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Harriet Jacobs
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    (February 11, 1813-March 7, 1897)
    Born in Edenton, North Carolina
    Author of 'Incidents in the Life of a Slave Girl' (1861)
    Wrote under the pseudonym, Linda Brent
    Escaped from Dr. James Norcom (named Dr. Flint in the book), in 1842, after hiding in her grandmother's attic for seven years
    Many details in the account of her relationship with Dr. James Norcom are unrealistic.
    In ‘Incidents,’ Norcom spends years trying to ‘corrupt her’ when in reality he would have gotten tired of her, sold her, and moved on to a younger slave girl.
    She claims to have had an affair, and two children, with Samuel Sawyer ('Mr. Sands' in the book) merely to spite Norcom.
    She was angry at being snubbed by Harriet Beecher Stowe, whom she sought for a collaborator on her autobiography.
    She settled on Lydia Maria Child, known for publishing sentimental parlor literature which hasn’t aged well.
    She only got away with publishing material this controversial because she did so after the start of the Civil War, when it was no longer taboo to talk about slavery.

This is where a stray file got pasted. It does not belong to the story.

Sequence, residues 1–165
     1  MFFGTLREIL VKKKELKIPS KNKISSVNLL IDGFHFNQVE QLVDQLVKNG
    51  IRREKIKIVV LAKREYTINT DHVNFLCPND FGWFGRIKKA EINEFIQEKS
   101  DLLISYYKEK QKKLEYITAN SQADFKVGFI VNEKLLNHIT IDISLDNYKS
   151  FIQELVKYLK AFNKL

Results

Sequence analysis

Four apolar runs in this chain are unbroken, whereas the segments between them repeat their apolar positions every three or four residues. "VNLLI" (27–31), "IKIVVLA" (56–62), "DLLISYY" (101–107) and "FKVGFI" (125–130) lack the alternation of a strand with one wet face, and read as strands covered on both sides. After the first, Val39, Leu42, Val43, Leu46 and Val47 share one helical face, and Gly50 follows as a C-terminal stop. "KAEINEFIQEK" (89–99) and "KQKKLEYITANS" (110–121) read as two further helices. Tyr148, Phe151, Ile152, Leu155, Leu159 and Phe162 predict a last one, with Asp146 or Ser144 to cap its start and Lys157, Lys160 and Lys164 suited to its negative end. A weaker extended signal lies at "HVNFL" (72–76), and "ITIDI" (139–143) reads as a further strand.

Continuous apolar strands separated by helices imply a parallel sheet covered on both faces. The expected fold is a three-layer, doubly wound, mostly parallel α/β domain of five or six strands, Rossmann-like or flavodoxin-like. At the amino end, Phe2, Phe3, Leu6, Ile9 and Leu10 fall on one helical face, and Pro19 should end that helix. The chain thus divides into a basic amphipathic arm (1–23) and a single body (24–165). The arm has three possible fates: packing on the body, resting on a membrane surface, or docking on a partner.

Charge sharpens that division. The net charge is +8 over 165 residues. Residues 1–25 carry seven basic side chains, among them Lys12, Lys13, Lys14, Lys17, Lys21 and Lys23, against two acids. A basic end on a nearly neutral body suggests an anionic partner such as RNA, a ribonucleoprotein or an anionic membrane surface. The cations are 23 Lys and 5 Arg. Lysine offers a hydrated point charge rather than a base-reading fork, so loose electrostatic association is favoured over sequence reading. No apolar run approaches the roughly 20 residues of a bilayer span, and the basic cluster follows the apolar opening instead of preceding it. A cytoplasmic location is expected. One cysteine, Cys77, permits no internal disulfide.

Her book sold more copies in England than in the United States.
    She claims she was unaware she was even a slave until the age of 12.
    Her work was marginally ignored until Second Wave feminists started pushing it.
    She was a literate female slave when it was highly uncommon.
    'Incidents' is the most popular and widely read slave narrative after Fredrick Douglass' 'Narrative.'
    Her grandmother (and surrogate mother) was a kick-ass woman who could tell Norcom where to go because she was a freed slave and could get away with it.
    She sustained back injuries from not being able to either sit or stand in the attic she hid in for six years.
    'Incidents' was unprecedented in its honesty about a woman of any color's sexual experiences
    She would send letters to Norcom from her attic hiding place with a New York return address to throw him off, making him think she was hundreds of miles away when she wasn't.
    Predictably, upon the publication of 'Incidents,' she was accused of not having written it.
    Historian Jean F. Yellin confirmed that Jacobs was the true author by producing over 300 primary source documents written by Jacobs, confirming that it wasn't 'ghost-written.'
    She remained good friends with Lydia Maria Child years after collaborating with her on 'Incidents.'
    She left the American Equal Rights Association over disagreements about the 14th and 15th Amendment, in 1866.
    She recounts feeling sympathy for Norcom's jealous wife who threatened to kill her.

Credit: BoyWiththeGreenHair

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